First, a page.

Ep 50: Teenagers Under Pressure
Lisa Damour, bestselling author of Untangled and Under Pressure, reveals a startling trend on this episode: stress and anxiety are on the rise among teenage girls. Learn why this is happening and what parents can do about it from the psychologist who writes the adolescence column for the New York Times.
Full Show Notes
About 10 years ago Dr. Lisa Damour started to notice that stress and anxiety were on the rise among the teenage girls she worked with in her therapy practice and at the Laurel School, where she is the director of the Center for Research on Girls. The trend was so strong that Lisa felt compelled to focus on it for her second book, Under Pressure: Confronting the Epidemic of Stress and Anxiety in Girls.
But this anxiety isn’t something we need to protect girls from. In fact, Lisa says most of the time stress is actually beneficial because when we are anxious about an upcoming test or tournament, it motivates us to work hard to prepare and make sure we are ready. Also, studies show that we actually perform better when we are a little bit “revved up”.
It seems many girls today are worried they experience too much anxiety. However, Lisa told me that a teenager’s stress level only becomes “too much” when its completely out of proportion to what the situation calls for. Most of the time anxiety is actually a good thing.
As parents we need to start doing a better job of helping our teens “face their fears”. We need to teach them how to handle their anxiety and how to push themselves to do things that aren’t necessarily easy for them. Lisa reveals how to do it on this week’s episode.
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Word-for-word examples of WHAT to say to your teen
1. Remind girls that there are many different ways to turn someone down:
“You have a whole toolbox of communication strategies at your disposal. ‘No’ is like a hammer. If you’re in a bar and some random dude shows up and starts being gross on you, say whatever you want to him. You don’t know him. You are safe. You can lay it down is really cruel terms if you want. That’s one tool in your toolbox. You also have your ‘canned air’ where you can say to someone, ‘This is so fun. I’ve really enjoyed this. I hope we can hang out another time. I don’t want to do this tonight.’ That is another option.”
2. When your teen is anxious for a big test:
3. When your teen wants to skip a piano recital because she’s feeling nervous:
4. When your teen complains about something “awful” that happened to them:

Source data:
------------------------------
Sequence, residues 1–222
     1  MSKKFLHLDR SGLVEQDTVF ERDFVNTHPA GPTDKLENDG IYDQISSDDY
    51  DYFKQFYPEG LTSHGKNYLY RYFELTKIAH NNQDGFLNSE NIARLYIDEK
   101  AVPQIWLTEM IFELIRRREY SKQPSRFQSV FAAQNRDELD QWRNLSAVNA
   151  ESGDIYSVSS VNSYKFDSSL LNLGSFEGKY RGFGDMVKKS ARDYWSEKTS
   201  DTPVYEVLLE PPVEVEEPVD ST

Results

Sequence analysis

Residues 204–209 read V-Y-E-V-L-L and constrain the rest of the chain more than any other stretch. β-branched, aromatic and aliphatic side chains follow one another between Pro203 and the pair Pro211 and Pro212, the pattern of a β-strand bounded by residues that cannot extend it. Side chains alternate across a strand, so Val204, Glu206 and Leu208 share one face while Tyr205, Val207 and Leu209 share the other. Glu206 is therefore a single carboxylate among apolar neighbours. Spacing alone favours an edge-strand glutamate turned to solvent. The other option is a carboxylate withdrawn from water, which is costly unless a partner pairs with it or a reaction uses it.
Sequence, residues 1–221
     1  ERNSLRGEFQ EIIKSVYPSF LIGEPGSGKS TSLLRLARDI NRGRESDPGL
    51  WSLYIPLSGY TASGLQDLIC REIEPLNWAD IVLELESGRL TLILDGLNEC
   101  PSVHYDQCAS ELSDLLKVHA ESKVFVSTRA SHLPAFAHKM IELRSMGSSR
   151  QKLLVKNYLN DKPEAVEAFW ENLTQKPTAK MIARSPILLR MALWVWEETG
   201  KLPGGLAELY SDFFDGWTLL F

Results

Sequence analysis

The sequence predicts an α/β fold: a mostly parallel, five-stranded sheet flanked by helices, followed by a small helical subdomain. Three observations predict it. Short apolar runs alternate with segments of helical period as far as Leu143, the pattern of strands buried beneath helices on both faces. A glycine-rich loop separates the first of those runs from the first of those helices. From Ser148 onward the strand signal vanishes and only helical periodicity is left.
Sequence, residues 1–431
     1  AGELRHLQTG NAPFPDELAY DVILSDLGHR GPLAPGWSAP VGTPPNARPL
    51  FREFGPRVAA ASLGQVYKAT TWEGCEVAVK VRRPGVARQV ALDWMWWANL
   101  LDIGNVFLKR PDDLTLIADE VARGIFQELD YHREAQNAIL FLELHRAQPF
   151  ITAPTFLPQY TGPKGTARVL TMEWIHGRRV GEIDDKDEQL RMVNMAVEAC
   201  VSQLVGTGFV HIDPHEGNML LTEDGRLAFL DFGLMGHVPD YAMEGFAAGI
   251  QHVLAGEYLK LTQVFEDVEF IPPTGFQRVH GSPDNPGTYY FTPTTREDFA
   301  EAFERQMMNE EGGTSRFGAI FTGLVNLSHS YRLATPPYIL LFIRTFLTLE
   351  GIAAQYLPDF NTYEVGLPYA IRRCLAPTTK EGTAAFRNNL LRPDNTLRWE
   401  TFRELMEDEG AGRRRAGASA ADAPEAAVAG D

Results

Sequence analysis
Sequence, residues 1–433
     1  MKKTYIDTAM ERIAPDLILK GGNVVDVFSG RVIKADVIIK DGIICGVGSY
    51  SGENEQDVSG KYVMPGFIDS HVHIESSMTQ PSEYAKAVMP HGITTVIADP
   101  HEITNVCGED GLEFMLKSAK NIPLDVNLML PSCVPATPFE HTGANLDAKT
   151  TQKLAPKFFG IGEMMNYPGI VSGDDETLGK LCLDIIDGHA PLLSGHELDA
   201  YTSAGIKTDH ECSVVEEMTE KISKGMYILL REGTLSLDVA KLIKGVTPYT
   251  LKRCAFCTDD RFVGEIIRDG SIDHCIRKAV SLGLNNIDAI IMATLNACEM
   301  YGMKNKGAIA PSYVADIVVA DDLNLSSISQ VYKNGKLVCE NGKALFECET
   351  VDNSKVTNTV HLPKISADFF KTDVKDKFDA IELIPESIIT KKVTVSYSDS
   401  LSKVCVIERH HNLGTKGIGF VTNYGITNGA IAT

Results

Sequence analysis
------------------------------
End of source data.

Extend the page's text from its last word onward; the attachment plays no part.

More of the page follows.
5. Teach girls how to say “no” in a tactful way:
6. When your teen says they “can’t” do something (like math):
7. When your teenager asks for something but they haven’t been respectful lately:
8. Before you give advice, say this:
9. When something awkward needs to be said, get your teen ready for it with this line:
Step-by-step guides for applying the ideas from this interview
1. Give Your Teen Many Ways to Say “No”:
Adults often preach to teen girls about the importance of saying “no” when boys make sexual advances. And we tell boys to just say “no” to drugs. But, as Lisa pointed out, telling someone no is actually very hostile. If someone invited you to a dinner party and you said “no” they would see that as very rude and it might destroy your friendship. This is why it’s critical that teens have many tools in their communication toolbox for turning down things they don’t want to do. Make a list of different requests that your teen might want to practice saying no to. This might include social invitations, peer pressure, sexual advances, bullying, and more. Now sit down with your teen and say you want to practice refusal skills together. Take turns asking each other all the requests on the list and make a rule that you can never say no in exactly the same way twice.
2. Use “Baby Steps” to Move Teens Closer to Conquering Their Fears:
3. Take The Focus Off Outward Appearance By Complimenting Other Things:
About Lisa Damour
Lisa Damour writes the monthly Adolescence column for the New York Times, serves as a regular contributor to CBS News, maintains a private psychotherapy practice, consults and speaks internationally, is a Senior Advisor to the Schubert Center for Child Studies at Case Western Reserve University, and serves as the Executive Director of Laurel School’s Center for Research on Girls.
Dr. Damour has written numerous academic papers, chapters, and books related to education and child development. She is also the author of two New York Times best selling books, Untangled: Guiding Teenage Girls Through the Seven Transitions into Adulthood and Under Pressure: Confronting the Epidemic of Stress and Anxiety in Girls.
Dr. Damour graduated with honors from Yale University and worked for the Yale Child Study Center before earning her doctorate in Clinical Psychology at the University of Michigan. She has been a fellow at Yale’s Edward Zigler Center in Child Development and Social Policy and the University of Michigan’s Power Foundation. She and her husband are the proud parents of two daughters.